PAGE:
Home » It’s Sort Of Baffling That The First Driver and Car To Break 100 MPH Aren’t Better Known On Their 120th Anniversary

It’s Sort Of Baffling That The First Driver and Car To Break 100 MPH Aren’t Better Known On Their 120th Anniversary

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Automotive milestones are funny things. The way that some of them tend to get remembered and others forgotten doesn’t really seem to follow any rational rules I can figure out. Take speed record milestones, for example. I think the first car to break the mile-a-minute pace of 60mph (or 100 kph), is pretty well-known: that torpedo-shaped electric marvel, La Jamais Contente [Ed Note: The Never Contented. There, Googled it for you – PV], achieved the feat in 1899. It probably helps that it looks the way it does, too, and has such a badass name. The Ford 999 racer that hit 91 mph in 1904 is pretty well known, largely because of Ford himself, and people may know some modern records, like how the Thrust SSC was the first car to break the speed of sound on land, in 1997. There are plenty of important speed records that I feel like should be better known, starting with the first car to hit the magic 100 mph. That’s a pretty significant number! So why don’t we know that, on March 31, 1904, Louis Rigolly was the first person to break 100 mph in a Gobron-Brillié? I mean, it’s basically the 120th anniversary of this remarkable event! Or close enough! Let’s look into it, a bit, especially that car, which was deeply and wonderfully weird.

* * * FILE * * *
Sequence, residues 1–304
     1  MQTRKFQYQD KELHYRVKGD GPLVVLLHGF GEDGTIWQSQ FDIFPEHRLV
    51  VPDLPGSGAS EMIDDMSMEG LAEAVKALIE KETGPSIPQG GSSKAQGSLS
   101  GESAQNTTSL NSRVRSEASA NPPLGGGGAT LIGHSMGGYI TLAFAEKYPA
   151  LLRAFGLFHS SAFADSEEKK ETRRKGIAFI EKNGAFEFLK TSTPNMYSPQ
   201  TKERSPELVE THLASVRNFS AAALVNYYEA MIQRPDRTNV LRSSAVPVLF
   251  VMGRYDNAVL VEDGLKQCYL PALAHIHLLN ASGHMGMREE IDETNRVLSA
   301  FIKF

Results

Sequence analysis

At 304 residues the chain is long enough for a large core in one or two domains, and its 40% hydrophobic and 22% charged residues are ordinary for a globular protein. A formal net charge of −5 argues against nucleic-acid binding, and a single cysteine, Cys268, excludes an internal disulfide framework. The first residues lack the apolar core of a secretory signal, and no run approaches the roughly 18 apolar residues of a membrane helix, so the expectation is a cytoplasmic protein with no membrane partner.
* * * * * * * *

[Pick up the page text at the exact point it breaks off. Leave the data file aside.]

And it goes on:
Here’s what I know about Louis Rigolly, the first man to drive a car faster than 100 mph. I realized I can’t definitively say the first human to travel faster than 100 mph, because it seems that a human in freefall, falling belly-first, will be able to reach about 120 mph, and I’m willing to bet that’s happened to some poor bastard off a cliff or something at some point in human history prior to 1904. Maybe Rigolly could be the first person to have gone over 100 mph and, you know, lived?

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I really haven’t been able to gather too much information about Rigolly, beyond that he was French, lived from 1876 to 1958, had ‘nads made of the strongest tempered steel, and was capable of growing a truly magnificent mustache:

Moustache

Rigolly also competed in Grand Prix racing as early as 1902, which is all the more remarkable when you realize that, realistically, this is someone who likely had only been driving a few years, and most likely never even had a chance to drive until well into his 20s. I don’t know this for sure, but unless his mom or dad were driving steam omnibuses around London or was lucky enough to know someone with a Bollée La Mancelle, automobiles weren’t likely to have been that common as he was growing up.